Who are these groan-inducers James is writing about? Who are the men who make us sigh? Allow me to paint a picture using the clues James provides:
They are the big shots in fine suits who love to take the best seats in our meetings (2:3). They are the rich men who exploit us and drag us into court when they don’t get what they want (2:6). By their evil actions they slander the name of Jesus (2:7). They exploit their workers (5:4), while living in luxurious, self-indulgence (5:5). They condemn and kill the innocent (5:6). Frankly, these greedy fools should be weeping and wailing on account of the misery coming their way (5:1-3).
These are strong words but James was merely telling it like it is. The early church was troubled by wicked men. “But don’t worry about them,” says James. “When Jesus returns they will get their comeuppance.”
Be patient, then, brothers, until the Lord’s coming. (Jas 5:7)
We are living in the collision of two kingdoms. In the kingdom of this world power comes from the barrel of a gun. Worldly power is also exercised through lawsuits and market-based exploitation. But we are citizens of another kingdom, one that has nothing to do with guns and greed. When faced with injustice, the temptation is to fight with the weapons of this world. But James exhorts us to be patient.
See how the farmer waits for the land to yield its valuable crop and how patient he is for the autumn and spring rains. You too, be patient and stand firm, because the Lord’s coming is near. (Jas 5:7-8)
James is saying, “Hang in there – justice is coming.”
We in the West lead sheltered lives. We don’t face imprisonment and death like our brothers and sisters in other countries. It’s hard for us to relate to James’ words. But if you are a victim of corruption and oppression, his words are encouraging. “Look for Jesus,” says James, for Jesus knew what it was like to suffer injustice at the hands of the rich and powerful.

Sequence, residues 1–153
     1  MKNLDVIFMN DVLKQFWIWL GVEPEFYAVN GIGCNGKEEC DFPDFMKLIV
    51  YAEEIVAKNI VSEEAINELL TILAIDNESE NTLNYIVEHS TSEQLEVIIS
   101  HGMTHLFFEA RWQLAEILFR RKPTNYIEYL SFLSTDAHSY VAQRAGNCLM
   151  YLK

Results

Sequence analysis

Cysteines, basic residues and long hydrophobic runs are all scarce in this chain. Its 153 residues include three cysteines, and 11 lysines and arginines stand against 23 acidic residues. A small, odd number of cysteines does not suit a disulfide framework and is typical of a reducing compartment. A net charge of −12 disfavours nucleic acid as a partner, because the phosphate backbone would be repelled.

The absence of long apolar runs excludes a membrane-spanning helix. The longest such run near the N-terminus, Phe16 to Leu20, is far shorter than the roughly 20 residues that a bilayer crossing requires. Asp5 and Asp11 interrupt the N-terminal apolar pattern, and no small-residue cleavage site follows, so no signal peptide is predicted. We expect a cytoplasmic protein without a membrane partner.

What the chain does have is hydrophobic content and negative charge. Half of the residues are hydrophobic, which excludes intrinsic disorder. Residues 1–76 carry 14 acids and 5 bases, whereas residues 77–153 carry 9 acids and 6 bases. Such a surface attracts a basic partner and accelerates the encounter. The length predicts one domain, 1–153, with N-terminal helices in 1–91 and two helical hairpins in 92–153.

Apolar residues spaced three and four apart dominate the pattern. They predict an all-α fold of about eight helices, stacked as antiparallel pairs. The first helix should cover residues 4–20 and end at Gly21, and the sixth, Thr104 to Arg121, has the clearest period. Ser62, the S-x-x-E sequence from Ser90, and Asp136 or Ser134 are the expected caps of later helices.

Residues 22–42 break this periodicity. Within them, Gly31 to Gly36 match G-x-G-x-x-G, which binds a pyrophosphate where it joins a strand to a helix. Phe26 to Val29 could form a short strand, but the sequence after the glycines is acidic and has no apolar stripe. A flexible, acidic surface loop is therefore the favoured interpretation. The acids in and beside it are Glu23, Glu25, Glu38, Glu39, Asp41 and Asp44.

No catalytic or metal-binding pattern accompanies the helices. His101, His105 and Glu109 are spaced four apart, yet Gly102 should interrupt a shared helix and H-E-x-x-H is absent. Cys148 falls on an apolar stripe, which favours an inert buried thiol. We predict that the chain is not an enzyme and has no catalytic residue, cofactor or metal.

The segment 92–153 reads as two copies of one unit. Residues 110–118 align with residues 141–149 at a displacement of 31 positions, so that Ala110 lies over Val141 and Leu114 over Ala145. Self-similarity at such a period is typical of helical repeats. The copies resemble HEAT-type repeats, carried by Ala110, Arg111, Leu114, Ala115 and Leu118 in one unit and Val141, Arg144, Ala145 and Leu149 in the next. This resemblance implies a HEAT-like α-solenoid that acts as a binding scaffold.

Let justice roll down
When Jesus comes with a sword he’ll right every wrong and heal every hurt. He’ll demolish the corrupt government of Herod and end the religion of the Pharisees. On the day he returns, the justice of heaven will prevail over the injustice of earth.
“Well, that’s great James. But we have to live with wicked men here and now. Any advice on how to do that?”
Don’t grumble against each other, brothers, or you will be judged. (Jas 5:9a)
In other words, be patient and don’t pick fights you can’t win. If you let these turkeys get to you, they’ll ruin your life. They’ll haul you before the courts and bleed you dry with lawsuits you can’t afford. That’s how these fat-cats operate (see 2:6). They’ll haul you before judges with a little “j.” But fear not, because in your corner is a Judge with a big “J.”
The Judge is standing at the door! (Jas 5:9b)
These guys will drag you before the magistrate at the slightest provocation, but be encouraged. The Judge of all judges is standing at the door! The One who justifies you will soon execute his righteous judgment on those-who-make-you-sigh.
And when he does, gladness and joy will overtake you. Sorrow and sighing will flee away.
– James: Preacher of grace
– 1 Peter 4:17 – It’s judgment time!
– How to overcome discouragement